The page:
Sake Production is a complex process, but for all that complexity, it only has a few ingredients. Let’s look at what goes into making sake.
Sake rice is a specialty strain of rice that is used only for making sake. Known as Sakamai in Japanese, the most unique characteristic of sake rice is that it concentrates the starch of the grain in the center. This allows each rice grain to be milled or polished, exposing the pure rice starch.
Well known strains of Sake Rice include Yamadanishiki, Gohyakumangoku and Miyamanishiki. Sake Rice is an expensive specialty crop in Japan grown just for the Sake industry.
Finished sake is 80% water, so the water used in brewing is of paramount importance. Water in sake brewing can come from many sources including wells, rivers and streams. In general, water in Japan is much softer than the water in the United States.
For the most part, water that contains any heavy metals will not work for making sake. Pure, natural, unspoiled water rich in minerals makes for the best type of water for sake making.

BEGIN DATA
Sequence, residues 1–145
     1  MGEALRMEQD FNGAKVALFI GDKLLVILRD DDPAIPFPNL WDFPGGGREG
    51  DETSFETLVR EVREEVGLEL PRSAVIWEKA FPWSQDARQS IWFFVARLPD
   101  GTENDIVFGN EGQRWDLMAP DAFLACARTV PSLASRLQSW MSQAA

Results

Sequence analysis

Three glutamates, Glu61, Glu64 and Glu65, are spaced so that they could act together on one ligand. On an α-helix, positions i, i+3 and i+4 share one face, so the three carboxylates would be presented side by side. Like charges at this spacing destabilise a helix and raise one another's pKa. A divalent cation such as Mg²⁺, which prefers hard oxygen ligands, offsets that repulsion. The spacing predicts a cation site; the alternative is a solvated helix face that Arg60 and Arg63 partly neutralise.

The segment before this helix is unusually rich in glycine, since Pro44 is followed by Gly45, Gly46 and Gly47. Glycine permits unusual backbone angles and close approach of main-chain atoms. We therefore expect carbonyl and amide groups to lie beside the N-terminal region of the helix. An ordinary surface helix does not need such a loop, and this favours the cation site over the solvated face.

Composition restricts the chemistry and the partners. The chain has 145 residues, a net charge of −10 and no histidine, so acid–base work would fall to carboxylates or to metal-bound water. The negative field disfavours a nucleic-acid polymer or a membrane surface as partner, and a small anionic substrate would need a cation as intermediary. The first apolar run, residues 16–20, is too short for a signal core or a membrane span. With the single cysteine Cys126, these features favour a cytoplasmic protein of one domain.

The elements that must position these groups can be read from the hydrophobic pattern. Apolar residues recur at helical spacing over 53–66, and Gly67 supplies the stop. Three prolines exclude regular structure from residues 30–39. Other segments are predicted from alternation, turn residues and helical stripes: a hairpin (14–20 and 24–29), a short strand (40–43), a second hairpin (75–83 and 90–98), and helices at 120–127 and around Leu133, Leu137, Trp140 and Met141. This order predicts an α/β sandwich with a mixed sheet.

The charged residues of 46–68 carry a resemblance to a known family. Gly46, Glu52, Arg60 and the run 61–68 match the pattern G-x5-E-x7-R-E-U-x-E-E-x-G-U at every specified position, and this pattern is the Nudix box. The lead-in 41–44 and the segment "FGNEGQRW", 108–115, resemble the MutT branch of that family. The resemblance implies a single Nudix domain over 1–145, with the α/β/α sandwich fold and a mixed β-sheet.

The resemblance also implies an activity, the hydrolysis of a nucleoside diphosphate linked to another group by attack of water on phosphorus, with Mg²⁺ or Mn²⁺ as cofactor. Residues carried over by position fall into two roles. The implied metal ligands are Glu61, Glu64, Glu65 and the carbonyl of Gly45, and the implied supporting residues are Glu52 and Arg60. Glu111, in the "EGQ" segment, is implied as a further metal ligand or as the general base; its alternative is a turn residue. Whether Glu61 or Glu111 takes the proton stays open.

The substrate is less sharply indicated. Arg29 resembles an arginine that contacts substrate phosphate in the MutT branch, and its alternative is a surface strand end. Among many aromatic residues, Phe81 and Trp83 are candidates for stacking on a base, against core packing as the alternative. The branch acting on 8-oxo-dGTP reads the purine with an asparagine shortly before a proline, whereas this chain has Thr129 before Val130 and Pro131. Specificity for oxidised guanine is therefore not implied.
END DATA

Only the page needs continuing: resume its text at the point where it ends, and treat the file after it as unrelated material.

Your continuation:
Yeast plays a very important role in sake making as it converts the sugars in the main sake mash to alcohol. Yeast also give off CO2 and esters that imbue the sake with flavors and aromas.
Many different varieties of sake yeast have been isolated over the years, each with unique properties. Some yeasts developed are “low foaming” varieties that are easier for the master brewer to work with.
Koji-kin is the magical mold that makes sake brewing possible. How does it work? Koji mold spores are propagated on rice grains where they dig in and give off enzymes that break up the starch of the rice grain into sugars.
Making koji rice is a special process that is viewed as the heart of the sake production process. Simply put, without Koji there is no sake.